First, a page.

CORRECTION: An earlier version of this article incorrectly identified Jemal Abdulhadi. The story has been updated with the correct spelling of Abdulhadi's name. The Daily Tar Heel apologizes for this error.
For the past 50 years, the genre of hip-hop has alluded to social justice issues and political critiques. However, modern hip-hop artists are faced with moral and ethical dilemmas, especially regarding women. This leads some to ask: Where is feminism in hip-hop today?
Hip-hop and feminism are two increasingly relevant topics, from the popularity of hip-hop artists all over Billboard charts to the impact of the #MeToo movement and the annual Women’s March in Washington, D.C.
At UNC, young hip-hop artists are discussing the new opportunities and limitations involved in making music in a society that is more aware of feminist movements and issues. Lines are beginning to be drawn and crossed when discussing hip-hop and feminism.
In 1999, author Joan Morgan coined the term “hip-hop feminism” in her book, "When Chickenheads Come Home to Roost." Author Reiland Rabaka wrote that hip-hop feminism is an offshoot of Black feminist ideals where the “personal is the political." Hip-hop has roots in social justice, but hip-hop feminism directs the attention to issues surrounding Black and Brown women.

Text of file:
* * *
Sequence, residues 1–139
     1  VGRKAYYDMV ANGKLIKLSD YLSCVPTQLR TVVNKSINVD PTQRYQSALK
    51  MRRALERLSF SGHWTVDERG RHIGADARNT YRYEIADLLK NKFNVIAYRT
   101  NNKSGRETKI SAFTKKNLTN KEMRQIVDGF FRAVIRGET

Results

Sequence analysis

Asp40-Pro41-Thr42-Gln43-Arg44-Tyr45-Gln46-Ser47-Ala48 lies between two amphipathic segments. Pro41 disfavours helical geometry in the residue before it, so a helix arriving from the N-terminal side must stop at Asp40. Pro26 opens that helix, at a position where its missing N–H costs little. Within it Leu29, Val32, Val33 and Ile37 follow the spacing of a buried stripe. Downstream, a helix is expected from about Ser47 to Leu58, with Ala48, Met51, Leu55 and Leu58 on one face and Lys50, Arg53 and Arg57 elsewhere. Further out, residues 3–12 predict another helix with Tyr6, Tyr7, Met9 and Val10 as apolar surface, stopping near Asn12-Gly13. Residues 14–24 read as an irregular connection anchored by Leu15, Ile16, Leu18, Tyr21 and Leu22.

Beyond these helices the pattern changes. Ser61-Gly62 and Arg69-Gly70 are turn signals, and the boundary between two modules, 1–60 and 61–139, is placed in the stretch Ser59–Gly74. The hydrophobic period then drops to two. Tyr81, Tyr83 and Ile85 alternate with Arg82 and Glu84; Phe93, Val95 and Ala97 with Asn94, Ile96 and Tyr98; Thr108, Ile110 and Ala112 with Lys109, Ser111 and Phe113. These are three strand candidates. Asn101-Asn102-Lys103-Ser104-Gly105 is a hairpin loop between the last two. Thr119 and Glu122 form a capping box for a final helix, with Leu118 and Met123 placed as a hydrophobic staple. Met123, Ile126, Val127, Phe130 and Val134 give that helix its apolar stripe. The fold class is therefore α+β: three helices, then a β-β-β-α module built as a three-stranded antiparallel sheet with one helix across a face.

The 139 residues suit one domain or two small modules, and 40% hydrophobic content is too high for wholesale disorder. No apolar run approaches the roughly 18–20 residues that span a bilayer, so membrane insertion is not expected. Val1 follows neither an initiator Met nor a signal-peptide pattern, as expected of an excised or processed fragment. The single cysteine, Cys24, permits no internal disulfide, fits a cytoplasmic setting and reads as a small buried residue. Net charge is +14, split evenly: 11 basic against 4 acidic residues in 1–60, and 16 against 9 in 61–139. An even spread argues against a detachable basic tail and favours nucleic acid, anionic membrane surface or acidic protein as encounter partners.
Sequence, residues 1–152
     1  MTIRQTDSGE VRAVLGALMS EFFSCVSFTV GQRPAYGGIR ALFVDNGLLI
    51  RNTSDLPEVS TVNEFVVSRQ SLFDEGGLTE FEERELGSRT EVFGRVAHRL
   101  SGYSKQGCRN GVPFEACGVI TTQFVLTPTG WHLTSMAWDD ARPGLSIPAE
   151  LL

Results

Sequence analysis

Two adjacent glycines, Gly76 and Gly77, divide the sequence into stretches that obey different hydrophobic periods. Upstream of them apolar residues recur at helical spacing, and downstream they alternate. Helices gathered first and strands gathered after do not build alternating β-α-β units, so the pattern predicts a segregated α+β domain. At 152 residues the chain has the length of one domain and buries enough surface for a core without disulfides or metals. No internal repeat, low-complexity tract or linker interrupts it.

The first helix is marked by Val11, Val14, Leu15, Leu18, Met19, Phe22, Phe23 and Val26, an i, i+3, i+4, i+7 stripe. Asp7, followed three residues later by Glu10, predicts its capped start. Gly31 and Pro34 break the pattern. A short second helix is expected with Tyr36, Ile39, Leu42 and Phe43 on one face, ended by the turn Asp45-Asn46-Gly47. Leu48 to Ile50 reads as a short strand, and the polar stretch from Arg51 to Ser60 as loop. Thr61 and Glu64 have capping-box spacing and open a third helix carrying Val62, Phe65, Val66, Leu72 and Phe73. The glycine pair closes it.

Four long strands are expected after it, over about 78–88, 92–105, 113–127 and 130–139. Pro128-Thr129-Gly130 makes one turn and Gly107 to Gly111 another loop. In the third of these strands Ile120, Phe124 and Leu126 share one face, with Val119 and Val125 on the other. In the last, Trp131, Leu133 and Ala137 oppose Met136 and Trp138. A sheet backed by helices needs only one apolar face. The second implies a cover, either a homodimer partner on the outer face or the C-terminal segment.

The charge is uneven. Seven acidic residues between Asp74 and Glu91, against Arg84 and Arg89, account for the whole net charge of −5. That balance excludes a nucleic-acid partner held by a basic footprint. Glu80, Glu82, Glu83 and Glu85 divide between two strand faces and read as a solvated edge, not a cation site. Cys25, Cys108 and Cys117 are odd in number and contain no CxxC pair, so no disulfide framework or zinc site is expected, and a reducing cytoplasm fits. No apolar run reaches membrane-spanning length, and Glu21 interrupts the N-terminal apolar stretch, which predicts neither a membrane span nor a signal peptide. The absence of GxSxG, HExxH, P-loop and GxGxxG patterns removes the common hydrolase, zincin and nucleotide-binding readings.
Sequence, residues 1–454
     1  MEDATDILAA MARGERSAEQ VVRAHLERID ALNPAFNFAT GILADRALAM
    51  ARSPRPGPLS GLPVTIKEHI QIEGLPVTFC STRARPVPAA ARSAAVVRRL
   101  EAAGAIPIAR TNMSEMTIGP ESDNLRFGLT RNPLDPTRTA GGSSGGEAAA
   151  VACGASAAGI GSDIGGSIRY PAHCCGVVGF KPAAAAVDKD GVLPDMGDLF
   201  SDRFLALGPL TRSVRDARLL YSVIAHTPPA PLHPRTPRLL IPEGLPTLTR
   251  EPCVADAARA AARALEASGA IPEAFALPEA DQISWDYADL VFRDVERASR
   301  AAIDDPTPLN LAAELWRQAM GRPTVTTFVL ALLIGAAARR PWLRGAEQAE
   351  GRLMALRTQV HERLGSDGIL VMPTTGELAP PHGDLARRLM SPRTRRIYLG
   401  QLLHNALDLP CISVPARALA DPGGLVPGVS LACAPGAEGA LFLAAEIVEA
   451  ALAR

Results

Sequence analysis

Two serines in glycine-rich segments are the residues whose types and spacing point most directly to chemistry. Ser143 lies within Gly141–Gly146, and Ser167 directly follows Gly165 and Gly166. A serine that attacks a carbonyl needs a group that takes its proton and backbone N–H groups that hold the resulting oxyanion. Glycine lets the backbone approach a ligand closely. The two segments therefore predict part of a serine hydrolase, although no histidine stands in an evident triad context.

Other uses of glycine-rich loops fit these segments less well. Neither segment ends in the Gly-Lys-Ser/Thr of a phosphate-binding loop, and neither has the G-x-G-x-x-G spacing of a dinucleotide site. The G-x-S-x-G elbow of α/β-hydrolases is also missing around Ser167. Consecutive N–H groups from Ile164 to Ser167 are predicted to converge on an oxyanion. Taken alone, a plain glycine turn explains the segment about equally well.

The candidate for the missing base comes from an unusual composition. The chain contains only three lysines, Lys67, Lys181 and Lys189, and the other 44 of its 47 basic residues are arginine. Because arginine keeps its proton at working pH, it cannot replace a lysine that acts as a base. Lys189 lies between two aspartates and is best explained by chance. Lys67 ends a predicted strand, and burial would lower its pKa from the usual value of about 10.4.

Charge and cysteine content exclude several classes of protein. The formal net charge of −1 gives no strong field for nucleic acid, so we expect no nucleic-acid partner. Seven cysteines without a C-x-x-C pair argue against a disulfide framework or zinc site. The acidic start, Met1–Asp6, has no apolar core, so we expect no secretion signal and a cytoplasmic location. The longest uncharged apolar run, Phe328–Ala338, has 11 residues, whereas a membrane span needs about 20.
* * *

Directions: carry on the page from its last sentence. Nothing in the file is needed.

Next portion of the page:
The Student Hip-Hop Organization (SHHO) is a UNC club that facilitates discussion surrounding hip-hop at UNC. The club gives hip-hop appreciators and creators a space to share their music and experiences with hip-hop culture. SHHO organizes local concerts, hosts panels and seeks to spread hip-hop as an agent of social change. However, the group has yet to host a panel on feminism in hip-hop, though members of the group said it is in the works.
Former SHHO co-president Jemal Abdulhadi said it’s possible the nature of the industry has made feminist issues harder to talk about.
“I think hip-hop naturally just attracts mostly males,” Abdulhadi said. “So our organization was largely male in the beginning.”
Abdulhadi said misogyny is an ever-present aspect of hip-hop music, and that the first step is addressing the issue and getting men involved.